Just after Easter, I met an old friend for a couple of days in the Peak District. It was a flying visit, but the fresh air and scenery were exactly what we both needed. Shoots of spring were emerging everywhere: in cracks of dry stone walls; hidden by the roots of tall trees; and on the grassy verges of footpaths. We started in Hathersage, a small town with streets of stone buildings and a church tower that surveys all from the top of the hill. Climbing further still towards Stannage Edge we discovered North Lees Hall, which was supposedly the inspiration for Charlotte Brontë's Jane Eyre; a selling point for us as former literature students, and a spot that gave spectacular views from all angles.
After staying nearby and enjoying a meal in our hotel's restaurant, we drove further south to visit Chatsworth House. Having only been once before when I was a lot younger, it was interesting to explore the house and grounds at a leisurely pace, and the heat of the midday sunshine brought life to the places in the garden where winter had resided until only recently. I often think that spring is the best time to visit historic houses such as this; the crowds are smaller and life is just beginning to flourish. We finished the afternoon with cups of tea and cake (with clotted cream no less!) and relished being able to eat alfresco.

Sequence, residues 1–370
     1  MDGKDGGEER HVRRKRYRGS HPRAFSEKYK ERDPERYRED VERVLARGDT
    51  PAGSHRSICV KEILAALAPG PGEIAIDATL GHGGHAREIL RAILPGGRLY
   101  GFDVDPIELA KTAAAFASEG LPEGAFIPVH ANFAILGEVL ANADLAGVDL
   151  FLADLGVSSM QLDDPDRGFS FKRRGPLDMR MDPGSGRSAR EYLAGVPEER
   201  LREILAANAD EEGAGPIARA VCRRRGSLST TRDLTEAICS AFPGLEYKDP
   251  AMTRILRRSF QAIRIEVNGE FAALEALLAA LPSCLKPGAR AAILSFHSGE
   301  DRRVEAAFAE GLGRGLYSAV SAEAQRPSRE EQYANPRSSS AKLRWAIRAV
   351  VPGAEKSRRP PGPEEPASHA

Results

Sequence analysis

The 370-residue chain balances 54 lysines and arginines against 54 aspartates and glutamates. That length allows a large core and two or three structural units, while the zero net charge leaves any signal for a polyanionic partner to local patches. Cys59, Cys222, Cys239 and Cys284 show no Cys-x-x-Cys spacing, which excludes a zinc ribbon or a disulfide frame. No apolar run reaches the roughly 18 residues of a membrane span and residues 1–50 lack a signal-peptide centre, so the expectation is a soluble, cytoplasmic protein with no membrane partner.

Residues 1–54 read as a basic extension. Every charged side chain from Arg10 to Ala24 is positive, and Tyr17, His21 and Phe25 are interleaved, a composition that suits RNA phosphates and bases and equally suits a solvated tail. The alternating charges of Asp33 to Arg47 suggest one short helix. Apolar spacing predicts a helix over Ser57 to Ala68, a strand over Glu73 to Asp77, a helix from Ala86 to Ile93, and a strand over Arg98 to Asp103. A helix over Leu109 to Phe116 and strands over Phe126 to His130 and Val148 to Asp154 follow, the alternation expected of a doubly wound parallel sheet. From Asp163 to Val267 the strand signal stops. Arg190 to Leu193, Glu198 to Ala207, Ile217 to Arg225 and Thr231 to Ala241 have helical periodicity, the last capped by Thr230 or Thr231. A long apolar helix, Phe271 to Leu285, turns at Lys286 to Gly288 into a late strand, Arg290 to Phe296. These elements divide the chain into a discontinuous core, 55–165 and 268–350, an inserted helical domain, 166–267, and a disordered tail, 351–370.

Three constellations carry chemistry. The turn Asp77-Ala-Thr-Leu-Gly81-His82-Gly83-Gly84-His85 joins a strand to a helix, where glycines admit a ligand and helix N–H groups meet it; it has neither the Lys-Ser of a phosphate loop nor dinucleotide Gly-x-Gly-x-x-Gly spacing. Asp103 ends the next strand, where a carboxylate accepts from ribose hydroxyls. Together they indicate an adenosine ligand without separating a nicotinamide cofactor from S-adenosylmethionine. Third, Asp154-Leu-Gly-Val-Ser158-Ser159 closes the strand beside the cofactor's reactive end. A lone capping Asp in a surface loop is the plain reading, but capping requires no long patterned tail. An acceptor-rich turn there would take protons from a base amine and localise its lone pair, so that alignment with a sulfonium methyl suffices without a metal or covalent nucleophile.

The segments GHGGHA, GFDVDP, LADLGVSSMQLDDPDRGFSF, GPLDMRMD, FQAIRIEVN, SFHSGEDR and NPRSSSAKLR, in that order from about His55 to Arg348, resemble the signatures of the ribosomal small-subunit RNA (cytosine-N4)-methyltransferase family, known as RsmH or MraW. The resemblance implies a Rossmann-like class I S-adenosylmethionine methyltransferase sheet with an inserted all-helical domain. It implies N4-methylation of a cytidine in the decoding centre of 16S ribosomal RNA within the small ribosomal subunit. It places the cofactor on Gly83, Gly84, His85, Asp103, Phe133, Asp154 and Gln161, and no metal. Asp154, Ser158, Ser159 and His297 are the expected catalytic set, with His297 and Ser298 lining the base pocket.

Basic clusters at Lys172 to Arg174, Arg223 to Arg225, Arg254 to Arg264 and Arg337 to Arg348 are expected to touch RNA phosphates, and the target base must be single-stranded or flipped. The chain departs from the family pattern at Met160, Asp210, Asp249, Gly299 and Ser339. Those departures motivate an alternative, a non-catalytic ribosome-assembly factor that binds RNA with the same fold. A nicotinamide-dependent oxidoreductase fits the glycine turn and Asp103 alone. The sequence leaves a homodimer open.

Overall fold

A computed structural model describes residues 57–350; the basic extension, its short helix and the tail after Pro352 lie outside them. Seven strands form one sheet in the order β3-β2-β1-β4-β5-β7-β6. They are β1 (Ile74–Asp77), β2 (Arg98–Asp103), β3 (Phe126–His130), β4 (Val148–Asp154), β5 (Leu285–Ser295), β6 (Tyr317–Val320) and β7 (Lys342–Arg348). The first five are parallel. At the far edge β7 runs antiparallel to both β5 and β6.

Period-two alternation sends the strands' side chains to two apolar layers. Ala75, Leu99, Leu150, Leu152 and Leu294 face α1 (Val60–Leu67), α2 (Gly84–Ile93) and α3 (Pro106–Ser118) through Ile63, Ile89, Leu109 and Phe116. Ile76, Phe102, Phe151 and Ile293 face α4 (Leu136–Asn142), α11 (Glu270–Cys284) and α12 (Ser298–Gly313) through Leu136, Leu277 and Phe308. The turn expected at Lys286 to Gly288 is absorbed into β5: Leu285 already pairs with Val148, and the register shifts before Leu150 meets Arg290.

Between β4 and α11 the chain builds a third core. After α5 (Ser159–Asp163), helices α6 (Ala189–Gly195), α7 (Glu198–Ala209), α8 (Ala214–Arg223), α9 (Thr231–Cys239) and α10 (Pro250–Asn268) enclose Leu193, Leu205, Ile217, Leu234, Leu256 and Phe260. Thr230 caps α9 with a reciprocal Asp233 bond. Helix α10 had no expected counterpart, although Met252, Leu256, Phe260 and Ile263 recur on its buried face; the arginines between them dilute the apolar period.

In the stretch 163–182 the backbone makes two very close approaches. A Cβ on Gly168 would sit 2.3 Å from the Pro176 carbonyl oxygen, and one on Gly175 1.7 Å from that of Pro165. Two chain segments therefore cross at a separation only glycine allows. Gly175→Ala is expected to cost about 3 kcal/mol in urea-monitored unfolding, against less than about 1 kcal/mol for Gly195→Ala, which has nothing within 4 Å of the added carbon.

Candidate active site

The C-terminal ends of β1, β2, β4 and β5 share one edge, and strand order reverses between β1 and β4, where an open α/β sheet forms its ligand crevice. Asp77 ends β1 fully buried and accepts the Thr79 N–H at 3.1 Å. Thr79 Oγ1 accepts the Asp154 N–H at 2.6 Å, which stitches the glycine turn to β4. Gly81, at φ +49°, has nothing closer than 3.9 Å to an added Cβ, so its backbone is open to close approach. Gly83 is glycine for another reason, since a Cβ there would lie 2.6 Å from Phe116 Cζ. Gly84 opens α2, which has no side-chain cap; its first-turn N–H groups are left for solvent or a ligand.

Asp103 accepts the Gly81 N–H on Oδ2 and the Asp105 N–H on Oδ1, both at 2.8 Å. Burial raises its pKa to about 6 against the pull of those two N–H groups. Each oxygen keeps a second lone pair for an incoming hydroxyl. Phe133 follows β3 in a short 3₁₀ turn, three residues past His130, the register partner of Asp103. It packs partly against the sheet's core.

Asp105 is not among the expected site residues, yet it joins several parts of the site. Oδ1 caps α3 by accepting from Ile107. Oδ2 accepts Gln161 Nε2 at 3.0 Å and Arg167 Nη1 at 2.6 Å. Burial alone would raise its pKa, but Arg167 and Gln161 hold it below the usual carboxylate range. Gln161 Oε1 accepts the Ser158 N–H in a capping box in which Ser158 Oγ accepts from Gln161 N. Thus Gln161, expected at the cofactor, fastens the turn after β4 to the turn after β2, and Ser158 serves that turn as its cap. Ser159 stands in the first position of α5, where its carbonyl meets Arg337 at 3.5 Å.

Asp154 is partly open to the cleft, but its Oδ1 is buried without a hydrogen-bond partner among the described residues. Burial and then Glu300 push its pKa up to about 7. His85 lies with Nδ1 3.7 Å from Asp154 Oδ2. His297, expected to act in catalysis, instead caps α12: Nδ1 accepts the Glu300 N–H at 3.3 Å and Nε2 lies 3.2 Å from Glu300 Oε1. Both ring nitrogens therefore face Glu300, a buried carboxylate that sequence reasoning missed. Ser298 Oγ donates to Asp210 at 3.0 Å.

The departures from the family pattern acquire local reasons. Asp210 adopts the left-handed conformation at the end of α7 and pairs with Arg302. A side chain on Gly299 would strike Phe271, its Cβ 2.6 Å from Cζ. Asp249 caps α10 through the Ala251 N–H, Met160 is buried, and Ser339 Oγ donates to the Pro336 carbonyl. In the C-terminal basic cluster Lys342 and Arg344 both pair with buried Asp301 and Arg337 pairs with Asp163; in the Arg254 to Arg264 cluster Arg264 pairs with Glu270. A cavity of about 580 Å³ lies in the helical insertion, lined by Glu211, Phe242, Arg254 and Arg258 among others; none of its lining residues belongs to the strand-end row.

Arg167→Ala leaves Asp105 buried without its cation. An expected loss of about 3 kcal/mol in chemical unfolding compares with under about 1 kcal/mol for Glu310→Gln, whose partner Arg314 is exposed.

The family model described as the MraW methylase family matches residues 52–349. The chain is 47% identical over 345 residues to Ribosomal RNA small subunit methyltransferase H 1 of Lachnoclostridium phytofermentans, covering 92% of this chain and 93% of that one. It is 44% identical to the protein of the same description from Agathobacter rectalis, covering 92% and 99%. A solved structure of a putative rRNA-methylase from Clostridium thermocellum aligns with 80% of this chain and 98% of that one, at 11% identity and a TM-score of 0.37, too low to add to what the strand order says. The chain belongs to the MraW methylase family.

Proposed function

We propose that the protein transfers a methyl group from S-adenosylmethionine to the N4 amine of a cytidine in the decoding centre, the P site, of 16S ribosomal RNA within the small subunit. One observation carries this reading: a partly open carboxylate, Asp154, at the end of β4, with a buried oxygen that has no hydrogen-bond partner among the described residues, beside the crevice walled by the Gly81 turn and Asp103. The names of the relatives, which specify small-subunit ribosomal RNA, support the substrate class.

The next morning before my drive back, I woke with the birds and escaped the confines of the room to explore our direct surroundings. It was a steep climb out of the valley and the views were hazy with the mists of the morning, but everything hummed with expectancy, waiting impatiently for the day to begin. My mind played dot-to-dot with the snags of sheep's wool caught in the branches. My ears listened attentively for the lowing of cows on the other side of the valley. If there exists a perfect, peaceful way to start the day, this came very close.